Epilepsy Foundation

Adult Onset Epilepsy Group


Adult Onset Epilepsy Group

We all have many things in common by just having epilepsy, but being diagnosed as an adult has its own challenges. We may be grateful that we have not had this our whole lives, but it can be very disruptive when it starts in adulthood.  Here we can discuss the challenges we face, the treatments we found helpful and how we as adults must advocate for ourselves.

Members: 17
Latest Activity: Aug 12

Discussion Forum

Hello, am I alone here?

Started by Jasmine Harris. Last reply by Twila McDonough Aug 12. 3 Replies

I think that being diagnosed in adulthood presents a unique set of challenges.  Am I the only one?  I mean, I don't want to have arguments about who has it worse (we can't still be in this stage can…Continue

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Comment by Kathy Roady on July 13, 2015 at 12:04pm

Hi Jasmine - I just now found this group and am glad to see it. I think there may be a lot of us but, if they are like me, I don't stick my nose in much because there's just so much I don't relate to. And other folks don't relate to me much going the other way.

I think Alan is right about it being more difficult to cope - we had lives without seizures and now our worlds are turned upside down. I divide my 'history' between before and after the seizures started.   Mine started when I was 48, I'm 56 now.  I never knew it could start so late and so out of the blue, except maybe because of an injury or something.

Has anyone else had problems with people not believing you, especially at first?  My husband has been very supportive, probably because the first two happened at night and scared him to death. I don't know what I'd do without him. Not so much with the rest of my family. They hadn't heard of adult onset either, and since it didn't fit the image they had of what a seizure looked like (generalized) and I have partials, they decided I was making it up / being a hypochondriac / trying to get attention / misdiagnosed. I got more support from friends & church family - most were "oh that's terrible" and "what can I do to help" and even a couple of "oh, I've heard of that" (nurses).  Frustrating. But nice to have a support network here.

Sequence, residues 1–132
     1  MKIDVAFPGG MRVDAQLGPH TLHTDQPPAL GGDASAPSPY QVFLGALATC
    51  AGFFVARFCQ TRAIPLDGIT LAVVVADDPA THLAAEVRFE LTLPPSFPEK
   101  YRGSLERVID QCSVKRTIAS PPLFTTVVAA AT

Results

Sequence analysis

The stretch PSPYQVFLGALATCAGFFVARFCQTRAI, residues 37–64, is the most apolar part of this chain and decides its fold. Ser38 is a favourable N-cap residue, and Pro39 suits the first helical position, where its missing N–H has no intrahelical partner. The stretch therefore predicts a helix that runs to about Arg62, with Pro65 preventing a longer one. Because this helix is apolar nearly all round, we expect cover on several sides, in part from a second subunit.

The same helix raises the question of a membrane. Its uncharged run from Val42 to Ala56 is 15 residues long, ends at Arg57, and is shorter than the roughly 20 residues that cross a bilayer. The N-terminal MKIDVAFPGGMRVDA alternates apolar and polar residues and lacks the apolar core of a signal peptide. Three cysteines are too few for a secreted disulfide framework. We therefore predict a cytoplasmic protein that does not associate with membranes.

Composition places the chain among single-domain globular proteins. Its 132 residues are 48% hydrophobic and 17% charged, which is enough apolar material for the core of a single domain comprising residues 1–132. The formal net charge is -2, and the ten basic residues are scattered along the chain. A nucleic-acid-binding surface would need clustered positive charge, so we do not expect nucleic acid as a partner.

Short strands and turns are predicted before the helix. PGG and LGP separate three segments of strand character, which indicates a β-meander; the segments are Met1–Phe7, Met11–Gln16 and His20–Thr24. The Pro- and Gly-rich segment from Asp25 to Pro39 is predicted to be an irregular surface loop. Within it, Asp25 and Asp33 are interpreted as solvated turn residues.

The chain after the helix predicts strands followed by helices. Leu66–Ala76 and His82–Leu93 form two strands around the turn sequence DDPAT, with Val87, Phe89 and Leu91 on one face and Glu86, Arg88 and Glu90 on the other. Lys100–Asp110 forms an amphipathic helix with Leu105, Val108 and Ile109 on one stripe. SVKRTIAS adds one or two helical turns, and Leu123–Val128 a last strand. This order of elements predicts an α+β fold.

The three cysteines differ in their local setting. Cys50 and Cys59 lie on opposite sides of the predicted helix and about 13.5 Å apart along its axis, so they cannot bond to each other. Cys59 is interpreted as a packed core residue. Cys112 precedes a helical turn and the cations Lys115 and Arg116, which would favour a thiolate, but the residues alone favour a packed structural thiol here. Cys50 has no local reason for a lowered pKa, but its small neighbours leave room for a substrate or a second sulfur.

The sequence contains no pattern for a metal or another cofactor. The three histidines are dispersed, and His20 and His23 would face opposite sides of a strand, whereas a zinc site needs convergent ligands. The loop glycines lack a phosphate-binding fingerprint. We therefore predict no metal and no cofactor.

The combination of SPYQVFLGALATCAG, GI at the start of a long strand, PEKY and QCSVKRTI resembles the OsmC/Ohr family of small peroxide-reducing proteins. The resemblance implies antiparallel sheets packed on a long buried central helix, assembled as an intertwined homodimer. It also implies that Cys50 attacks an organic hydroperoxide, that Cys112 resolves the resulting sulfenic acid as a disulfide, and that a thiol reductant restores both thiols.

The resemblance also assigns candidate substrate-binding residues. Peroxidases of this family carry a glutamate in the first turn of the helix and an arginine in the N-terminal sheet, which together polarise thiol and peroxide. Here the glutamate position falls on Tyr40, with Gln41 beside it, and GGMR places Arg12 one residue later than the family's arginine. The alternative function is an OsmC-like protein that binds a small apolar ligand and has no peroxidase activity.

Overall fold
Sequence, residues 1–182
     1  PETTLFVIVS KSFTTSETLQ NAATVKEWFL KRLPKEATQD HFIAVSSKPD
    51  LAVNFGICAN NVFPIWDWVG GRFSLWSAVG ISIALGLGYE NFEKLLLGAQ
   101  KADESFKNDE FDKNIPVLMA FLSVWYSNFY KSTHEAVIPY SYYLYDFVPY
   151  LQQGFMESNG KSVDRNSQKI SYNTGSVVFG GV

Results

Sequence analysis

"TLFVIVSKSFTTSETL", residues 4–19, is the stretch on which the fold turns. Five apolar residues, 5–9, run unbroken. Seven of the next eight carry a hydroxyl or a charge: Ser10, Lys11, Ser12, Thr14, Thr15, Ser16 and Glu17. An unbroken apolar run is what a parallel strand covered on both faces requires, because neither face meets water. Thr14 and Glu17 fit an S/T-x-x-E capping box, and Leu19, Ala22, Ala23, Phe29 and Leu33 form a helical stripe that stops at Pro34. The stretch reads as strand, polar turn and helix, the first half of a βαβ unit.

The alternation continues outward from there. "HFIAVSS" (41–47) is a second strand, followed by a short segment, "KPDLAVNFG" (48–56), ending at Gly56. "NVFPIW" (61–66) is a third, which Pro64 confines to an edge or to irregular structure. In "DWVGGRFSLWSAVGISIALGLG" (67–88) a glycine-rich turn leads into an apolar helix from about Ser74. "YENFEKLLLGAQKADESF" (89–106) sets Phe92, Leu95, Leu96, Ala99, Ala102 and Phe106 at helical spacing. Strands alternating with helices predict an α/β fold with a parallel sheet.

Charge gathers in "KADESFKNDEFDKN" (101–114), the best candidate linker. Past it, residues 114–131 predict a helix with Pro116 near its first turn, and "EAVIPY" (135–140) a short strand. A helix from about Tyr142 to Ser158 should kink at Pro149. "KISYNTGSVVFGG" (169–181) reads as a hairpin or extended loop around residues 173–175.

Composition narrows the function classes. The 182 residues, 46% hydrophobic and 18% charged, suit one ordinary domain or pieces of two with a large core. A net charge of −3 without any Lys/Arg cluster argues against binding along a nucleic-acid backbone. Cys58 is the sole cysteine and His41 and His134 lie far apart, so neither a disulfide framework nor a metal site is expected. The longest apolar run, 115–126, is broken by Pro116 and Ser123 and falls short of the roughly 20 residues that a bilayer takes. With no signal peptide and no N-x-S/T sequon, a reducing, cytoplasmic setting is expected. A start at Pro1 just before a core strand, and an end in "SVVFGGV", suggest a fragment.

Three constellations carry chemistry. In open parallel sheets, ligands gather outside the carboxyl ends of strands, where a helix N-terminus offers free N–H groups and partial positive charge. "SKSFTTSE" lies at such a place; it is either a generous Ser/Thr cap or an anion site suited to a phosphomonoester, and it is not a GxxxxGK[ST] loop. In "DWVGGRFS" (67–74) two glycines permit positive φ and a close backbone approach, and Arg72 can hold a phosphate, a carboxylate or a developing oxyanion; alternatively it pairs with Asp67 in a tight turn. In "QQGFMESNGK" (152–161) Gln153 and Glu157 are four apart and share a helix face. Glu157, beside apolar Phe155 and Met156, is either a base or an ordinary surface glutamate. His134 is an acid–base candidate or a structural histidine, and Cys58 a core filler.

We're taught that God has a plan -  sometimes I wish He'd let me in on the secret.  :)

Comment by Sandra L Salyer on April 24, 2015 at 12:11pm

Back in the 80's I had a hemangioma and hematoma in the frontal lobe of my brain causing grand mall seizures. I had surgery. As a result I continued to have grand mall seizures on a consistent basis forcing me to quit work and go on disability. I went through an array of medications finally landing on Topiramate which stopped the seizures. The only problem with this drug is it gives me a sense of short term memory recall issues. Some people have other issues. I have none. Up until this last March I was seizure free for 17 years. One thing I discovered through a pharmacist. People with epilepsy should not take antidepressants or anything that messes with their serotonin levels - like SSRI's. I found that out the hard way. I went to the ER this last March for food poisoning. They gave me Compazine, I nearly stopped breathing. Then they tried to backtrack and flood me with multiple other drugs. I questioned every drug they tried to put in me and refused several. One of which was lorazepam a benzodiazepine. They released with the Rx Zofran. I did not research it, which I should have because it's an SSRI. I took it for five days I did not sleep, eat, was so confused was unable to track how to take meds 6 hours apart, and couldn't even remember to take my seizure meds. Friday at 2am I knew I was in trouble, I began praying and searching for answers. The only solution was the Zofran. I stopped taking the drug. Saturday morning my system calmed down. The anxiety was gone. My mind cleared up and I was able to take my seizure meds. Unfortunately the damage was done. Saturday night I had my first of two grand mall seizures. The second was Sunday night - eighteen hours later. I knew I needed to build my blood levels back up so I did take extra Topiramate on Sunday, obviously it didn't help. Sunday I headed back to ER. They did a CT Scan, loaded me up with a sleeping pill and lorazepam and sent me home with an Rx of clonazepam and instructions to see a neurologists. My question - does anyone here take clonazepam? Have you tried to get off it? I've been on it since March 8 and can't get off. I hit the half-life level and literally feel like I'm going to go into a seizure. The withdrawals are torture. I've now been referred to a counselor. I've even considered rehab. My neurologists even increased my Topiramate to protect me from seizures. The anxiety and stress to get off this clonazepam has consumed my life, which doesn't help my epilepsy. I can't drive. I walk a lot - I'm walking 5 miles a day to walk off the stress. Any suggestions?